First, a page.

I haven't done much on my Gisela timeline / notes recently, but will get back onto them at some stage soon, hopefully. Let me know if there's anything more I can help you with, although as I think I mentioned I left my job based just down the road from TNA so can't just pop in there at lunchtime any more. Also I believe they've now introduced car parking charges to visit!

    Cheers as ever

    Ian

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    The time of 0137 hours for the Linstead Parva, Suffolk Ju 88 crash comes from the East Suffolk Police report. This time is confirmed in a report from the 1409 AAF BU at Metfield.
    The strafing at Hemsby, Norfolk according to Norfolk Police occurred at 0135 hours. Five houses and a garage were damaged, with one cannon shell reportedly lodged in a brick wall. The damaged houses were 20-60 yds N of Beach Road, Hemsby. No casualties reported.

    Bob C
    Last edited by BC1; 28th January 2019 at 21:24.

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    Hi Bob,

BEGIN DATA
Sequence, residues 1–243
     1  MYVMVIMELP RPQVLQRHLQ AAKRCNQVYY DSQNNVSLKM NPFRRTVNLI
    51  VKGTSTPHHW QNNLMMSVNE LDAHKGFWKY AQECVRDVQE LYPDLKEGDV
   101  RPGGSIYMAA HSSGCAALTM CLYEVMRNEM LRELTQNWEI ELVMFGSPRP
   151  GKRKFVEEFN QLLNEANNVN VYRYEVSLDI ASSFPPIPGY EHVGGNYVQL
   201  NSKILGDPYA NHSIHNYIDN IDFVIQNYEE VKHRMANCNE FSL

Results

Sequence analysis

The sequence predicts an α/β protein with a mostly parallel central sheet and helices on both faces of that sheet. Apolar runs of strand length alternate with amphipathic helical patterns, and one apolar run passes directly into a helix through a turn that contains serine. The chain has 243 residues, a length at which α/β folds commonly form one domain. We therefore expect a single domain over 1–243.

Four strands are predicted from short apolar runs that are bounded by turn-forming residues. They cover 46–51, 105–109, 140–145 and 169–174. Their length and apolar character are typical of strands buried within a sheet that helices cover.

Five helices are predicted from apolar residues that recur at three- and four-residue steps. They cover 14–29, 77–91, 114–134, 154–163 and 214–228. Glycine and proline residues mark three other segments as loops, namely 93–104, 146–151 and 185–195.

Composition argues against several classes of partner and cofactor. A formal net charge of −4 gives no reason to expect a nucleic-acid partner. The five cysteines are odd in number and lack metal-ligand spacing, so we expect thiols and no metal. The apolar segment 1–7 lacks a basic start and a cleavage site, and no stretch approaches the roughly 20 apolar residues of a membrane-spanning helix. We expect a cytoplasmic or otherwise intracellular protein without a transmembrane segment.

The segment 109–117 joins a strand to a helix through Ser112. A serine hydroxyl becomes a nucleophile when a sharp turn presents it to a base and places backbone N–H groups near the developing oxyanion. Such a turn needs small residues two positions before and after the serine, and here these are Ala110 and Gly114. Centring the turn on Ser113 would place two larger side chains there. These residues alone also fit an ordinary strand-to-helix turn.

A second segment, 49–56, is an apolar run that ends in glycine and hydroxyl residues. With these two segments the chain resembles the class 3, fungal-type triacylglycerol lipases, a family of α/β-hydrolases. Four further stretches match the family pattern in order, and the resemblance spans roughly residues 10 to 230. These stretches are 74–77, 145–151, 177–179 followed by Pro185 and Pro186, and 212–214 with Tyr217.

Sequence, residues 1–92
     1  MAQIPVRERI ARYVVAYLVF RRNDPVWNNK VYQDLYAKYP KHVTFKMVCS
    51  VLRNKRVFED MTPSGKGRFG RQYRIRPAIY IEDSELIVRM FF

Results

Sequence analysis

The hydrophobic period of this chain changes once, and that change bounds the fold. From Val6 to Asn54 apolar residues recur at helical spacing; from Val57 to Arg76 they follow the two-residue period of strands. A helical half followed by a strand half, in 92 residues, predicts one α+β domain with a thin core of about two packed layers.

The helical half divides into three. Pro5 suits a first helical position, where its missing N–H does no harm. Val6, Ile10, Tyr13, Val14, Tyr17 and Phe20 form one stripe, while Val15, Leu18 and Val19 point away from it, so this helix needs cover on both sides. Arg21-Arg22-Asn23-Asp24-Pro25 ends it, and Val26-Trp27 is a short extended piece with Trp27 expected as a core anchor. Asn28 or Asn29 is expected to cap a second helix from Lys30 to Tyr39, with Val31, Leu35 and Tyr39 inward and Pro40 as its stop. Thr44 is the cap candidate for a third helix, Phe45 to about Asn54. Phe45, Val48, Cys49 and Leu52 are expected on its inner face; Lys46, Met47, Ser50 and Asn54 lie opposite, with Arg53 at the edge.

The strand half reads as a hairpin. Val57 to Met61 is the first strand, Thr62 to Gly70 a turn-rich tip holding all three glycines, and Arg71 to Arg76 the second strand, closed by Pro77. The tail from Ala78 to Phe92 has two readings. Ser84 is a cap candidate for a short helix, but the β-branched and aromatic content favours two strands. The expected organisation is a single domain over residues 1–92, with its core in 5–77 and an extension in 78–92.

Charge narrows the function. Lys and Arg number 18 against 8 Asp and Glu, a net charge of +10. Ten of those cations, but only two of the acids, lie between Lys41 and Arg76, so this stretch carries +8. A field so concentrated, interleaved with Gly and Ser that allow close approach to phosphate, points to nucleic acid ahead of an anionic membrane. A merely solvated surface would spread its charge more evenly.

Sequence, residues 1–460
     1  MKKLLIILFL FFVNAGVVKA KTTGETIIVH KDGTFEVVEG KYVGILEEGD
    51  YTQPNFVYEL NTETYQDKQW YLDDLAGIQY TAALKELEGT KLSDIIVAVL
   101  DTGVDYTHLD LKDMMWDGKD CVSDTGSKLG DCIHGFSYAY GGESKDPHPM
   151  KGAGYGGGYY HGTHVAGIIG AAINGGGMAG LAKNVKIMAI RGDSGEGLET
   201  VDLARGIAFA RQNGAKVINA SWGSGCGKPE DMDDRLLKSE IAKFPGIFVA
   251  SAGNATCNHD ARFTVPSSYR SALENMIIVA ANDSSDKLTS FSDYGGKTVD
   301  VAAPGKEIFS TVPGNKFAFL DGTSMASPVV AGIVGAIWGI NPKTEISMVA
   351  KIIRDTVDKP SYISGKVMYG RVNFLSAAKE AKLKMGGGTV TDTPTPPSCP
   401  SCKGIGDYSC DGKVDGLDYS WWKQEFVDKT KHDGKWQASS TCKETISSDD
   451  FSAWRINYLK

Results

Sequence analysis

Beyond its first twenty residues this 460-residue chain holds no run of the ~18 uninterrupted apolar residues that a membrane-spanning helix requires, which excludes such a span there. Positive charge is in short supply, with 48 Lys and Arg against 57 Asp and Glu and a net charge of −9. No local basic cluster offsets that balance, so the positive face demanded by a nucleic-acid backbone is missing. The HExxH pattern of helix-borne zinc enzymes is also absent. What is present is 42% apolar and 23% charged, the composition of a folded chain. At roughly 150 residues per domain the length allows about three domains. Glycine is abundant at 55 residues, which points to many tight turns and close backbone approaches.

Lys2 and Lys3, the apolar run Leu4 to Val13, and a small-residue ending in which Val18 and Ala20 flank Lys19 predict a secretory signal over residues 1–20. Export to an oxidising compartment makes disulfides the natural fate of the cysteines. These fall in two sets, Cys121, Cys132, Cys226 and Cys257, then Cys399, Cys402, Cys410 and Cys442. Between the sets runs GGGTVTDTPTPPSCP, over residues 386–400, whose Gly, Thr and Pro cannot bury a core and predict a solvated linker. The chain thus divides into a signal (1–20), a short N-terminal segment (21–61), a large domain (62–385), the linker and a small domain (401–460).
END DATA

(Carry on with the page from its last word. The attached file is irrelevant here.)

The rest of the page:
thank you for the details, much appreciated. Regarding the Ju88 crash, the British Air Ministry Air Directorate of Intelligence produced two commonly-available intelligence reports about the incident:


    1. A.D.I.(K) Report No. 206/1945, jointly issued by A.D.I.(K) and U.S. Air Interrogation on 5 March 1945. This report quotes a time (from "local sources") of 01.37 hrs and apparently sources its information from the local police report. It mentions the Ju88 attacking a Liberator landing at Metfield and then a "night fighter" attacking the Ju88 [sic], causing it to dive into the ground. You have confirmed the time in the report comes from the East Suffolk Police and 1409 AAF Base Unit at Metfield.


    2. Crashed Enemy Aircraft Report No. 267, issued by A.I.2.(g) on 6 March 1945. This report quotes a time of 02.00 hrs (and gives the time of the Welton crash as 01.45 hrs and the Elvington crash as 02.00 hrs) and apparently sources its information from the 131st AACSS and the American pilot involved in the incident. The report states: "This aircraft crashed at 0200 hrs, on 4th March on the edge of an American Air Transport Command airfield near Metfield, Norfolk. The enemy aircraft had attempted to shoot down an A.T.C. Liberator which was coming into land. The height of the Liberator was under 300 ft and the E/A decided to fly underneath it and use the upward-firing guns. Fortunately the pilot of the Liberator noticed an aircraft with navigation lights on coming in underneath him and his evasive action caused the Ju 88 to make a very tight turn during which its wing tip struck the ground".